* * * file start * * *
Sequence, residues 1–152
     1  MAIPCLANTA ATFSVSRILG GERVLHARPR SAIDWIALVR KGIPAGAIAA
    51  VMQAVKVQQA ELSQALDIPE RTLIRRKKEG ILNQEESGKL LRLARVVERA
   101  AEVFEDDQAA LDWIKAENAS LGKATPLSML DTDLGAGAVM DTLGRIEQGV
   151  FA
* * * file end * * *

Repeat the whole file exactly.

Sequence, residues 1–152
     1  MAIPCLANTA ATFSVSRILG GERVLHARPR SAIDWIALVR KGIPAGAIAA
    51  VMQAVKVQQA ELSQALDIPE RTLIRRKKEG ILNQEESGKL LRLARVVERA
   101  AEVFEDDQAA LDWIKAENAS LGKATPLSML DTDLGAGAVM DTLGRIEQGV
   151  FA